UserpicThe Chautauqua Lecture 7

Glance and Gesture, Nameless

A couple of years after Nina had joined us, Brenin unilaterally decided to augment the pack on his own. Tess joined us 63 days plus around five weeks later. When this photograph was taken, when this memory was frozen, Tess did not yet exist. And yet here she is. There is an absence – a raggedy absence – that you’ll see if you turn your attention to the top right hand corner. When you’re there, if you track left, you’ll also see some scratches and indentations. And if you track all the way to the left of the picture you will see some more. I rescued this photograph from the jaws of Tess – one of many items that I rescued, or failed to rescue from the jaws of Tess. This raggedy absence is Tess, present as absent. It is Tess, Brenin’s daughter, impinging on a time before she was born. It is Tess saying, “I am here too”, even though she was not yet a glint in her wolf-father’s eye.

When she chewed away at this photograph, Tess didn’t ruin it: she augmented it, added immeasurably to it. If this photograph were a memory, frozen in time, when Tess gnawed away at it, and thus encroached onto a time before she was born, she did not do so by altering the content of the memory but by altering its form. The content of the memory is what the memory is about, what it depicts. And this is till the same: it is still a depiction of two friends, charging around a beach on a rare sunny Irish day. If this photograph was a memory, Tess would have altered its form – transformed it into a raggedy memory. Every memory has not just content but a form. Every memory has a shape. The memory theory – which I mentioned at the beginning of this talk – claims that our memories make us who we are: distinct, unique people who persist through time. Perhaps the theory is right – although I suspect not – but it is certainly ambiguous. If my memories make me who I am, is this “I” to be found in the content of my memories or in their form?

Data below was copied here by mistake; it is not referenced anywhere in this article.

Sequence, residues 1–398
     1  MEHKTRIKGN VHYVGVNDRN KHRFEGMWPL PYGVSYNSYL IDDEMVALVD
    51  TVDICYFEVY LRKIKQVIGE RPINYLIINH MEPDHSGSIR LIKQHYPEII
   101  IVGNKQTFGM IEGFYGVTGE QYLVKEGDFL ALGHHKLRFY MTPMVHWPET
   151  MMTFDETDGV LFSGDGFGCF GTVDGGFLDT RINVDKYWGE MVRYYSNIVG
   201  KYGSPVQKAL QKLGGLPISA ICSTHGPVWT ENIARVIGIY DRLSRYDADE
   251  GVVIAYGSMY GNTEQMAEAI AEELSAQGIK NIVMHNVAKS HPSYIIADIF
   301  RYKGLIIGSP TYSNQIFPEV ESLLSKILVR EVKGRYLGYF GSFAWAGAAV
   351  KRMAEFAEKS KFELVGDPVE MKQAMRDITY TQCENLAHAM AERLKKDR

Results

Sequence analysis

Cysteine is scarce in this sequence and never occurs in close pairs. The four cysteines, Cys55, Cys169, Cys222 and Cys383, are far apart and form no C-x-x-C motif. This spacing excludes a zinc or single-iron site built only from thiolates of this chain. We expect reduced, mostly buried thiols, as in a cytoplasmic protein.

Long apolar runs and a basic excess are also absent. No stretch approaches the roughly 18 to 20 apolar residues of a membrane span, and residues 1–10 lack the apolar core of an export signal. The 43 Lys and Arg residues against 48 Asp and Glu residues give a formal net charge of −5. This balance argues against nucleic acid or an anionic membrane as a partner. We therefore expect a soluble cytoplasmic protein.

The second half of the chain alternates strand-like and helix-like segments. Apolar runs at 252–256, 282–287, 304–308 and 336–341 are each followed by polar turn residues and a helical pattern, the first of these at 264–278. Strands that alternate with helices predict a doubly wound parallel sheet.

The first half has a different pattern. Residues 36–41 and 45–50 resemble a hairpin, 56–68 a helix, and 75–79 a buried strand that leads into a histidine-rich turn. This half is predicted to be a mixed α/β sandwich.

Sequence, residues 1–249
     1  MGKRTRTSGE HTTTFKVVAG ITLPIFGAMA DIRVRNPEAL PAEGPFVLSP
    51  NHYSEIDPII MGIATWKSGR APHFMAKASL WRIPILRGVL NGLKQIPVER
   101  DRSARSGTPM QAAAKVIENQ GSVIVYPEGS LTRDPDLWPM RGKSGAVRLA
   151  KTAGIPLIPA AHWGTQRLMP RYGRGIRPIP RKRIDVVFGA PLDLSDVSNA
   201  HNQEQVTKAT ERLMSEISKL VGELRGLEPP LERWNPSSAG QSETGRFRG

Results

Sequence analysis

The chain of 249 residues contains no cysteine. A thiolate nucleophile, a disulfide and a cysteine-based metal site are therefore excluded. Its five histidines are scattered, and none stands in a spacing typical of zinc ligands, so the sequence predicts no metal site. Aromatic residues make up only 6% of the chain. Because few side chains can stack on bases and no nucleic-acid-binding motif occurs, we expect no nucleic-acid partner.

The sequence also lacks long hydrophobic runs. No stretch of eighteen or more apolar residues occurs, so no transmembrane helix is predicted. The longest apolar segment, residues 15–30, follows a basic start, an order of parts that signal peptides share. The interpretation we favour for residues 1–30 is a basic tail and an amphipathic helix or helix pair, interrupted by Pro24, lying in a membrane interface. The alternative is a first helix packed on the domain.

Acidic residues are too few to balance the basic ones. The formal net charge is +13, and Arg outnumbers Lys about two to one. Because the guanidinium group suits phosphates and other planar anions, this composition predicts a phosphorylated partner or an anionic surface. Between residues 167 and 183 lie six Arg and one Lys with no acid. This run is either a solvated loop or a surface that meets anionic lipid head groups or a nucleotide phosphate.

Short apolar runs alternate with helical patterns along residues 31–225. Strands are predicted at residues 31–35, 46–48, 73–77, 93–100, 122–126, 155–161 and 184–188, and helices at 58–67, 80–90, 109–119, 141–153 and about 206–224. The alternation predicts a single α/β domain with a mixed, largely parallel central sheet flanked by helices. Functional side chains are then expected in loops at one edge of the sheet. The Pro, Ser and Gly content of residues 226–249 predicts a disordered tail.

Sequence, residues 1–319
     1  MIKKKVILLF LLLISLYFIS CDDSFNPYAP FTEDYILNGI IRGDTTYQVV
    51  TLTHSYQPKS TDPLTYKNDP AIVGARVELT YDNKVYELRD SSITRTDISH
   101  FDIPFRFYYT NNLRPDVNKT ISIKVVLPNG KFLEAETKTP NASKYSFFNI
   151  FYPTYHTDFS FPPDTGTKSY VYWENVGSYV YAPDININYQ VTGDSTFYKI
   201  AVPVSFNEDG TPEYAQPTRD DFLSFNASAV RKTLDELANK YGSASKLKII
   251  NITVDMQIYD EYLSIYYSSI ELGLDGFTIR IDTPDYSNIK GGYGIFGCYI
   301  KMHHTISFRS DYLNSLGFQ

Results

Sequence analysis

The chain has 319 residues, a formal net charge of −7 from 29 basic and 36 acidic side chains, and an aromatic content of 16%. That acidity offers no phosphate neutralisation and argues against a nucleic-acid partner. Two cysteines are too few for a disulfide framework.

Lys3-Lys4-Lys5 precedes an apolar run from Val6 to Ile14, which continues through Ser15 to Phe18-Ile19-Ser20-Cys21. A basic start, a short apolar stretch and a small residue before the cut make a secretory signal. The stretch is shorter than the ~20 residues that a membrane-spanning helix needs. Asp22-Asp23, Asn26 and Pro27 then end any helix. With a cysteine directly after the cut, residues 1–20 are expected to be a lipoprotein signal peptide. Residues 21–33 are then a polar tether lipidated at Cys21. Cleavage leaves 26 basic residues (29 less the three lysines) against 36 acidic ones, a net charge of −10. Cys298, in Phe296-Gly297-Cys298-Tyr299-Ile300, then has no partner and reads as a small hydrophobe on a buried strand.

The German poet, Rainer Maria Rilke once said something that I think is both profoundly beautiful and profoundly true about memories:

But it is still not enough to have mem­o­ries. One must be able to for­get them, if they are many, and have the great patience to wait for them to come again. For it is not the mem­o­ries them­selves. Only when they become blood in us, glance and gesture, nameless and no longer to be distinguished from ourselves, only then can it happen in a very rare hour, the first word of a line arises out of their midst and strides out of them.”

Rainer Maria Rilke, The Notebooks of Malte Laurids Brigge

 Rilke is talking here of the importance of memory for a poet, the role that memory plays in artistic creation. But I think his insight is true more generally. The most important memories are the ones that come again, and for this they must first be forgotten. When they come again, when they return to us, it is not in their original way. The memories that come again are the ones that have become part of our blood, “glance and gesture, nameless and no longer to be distinguished from ourselves.” Their content has gone, but their form remains. This form shapes us. 


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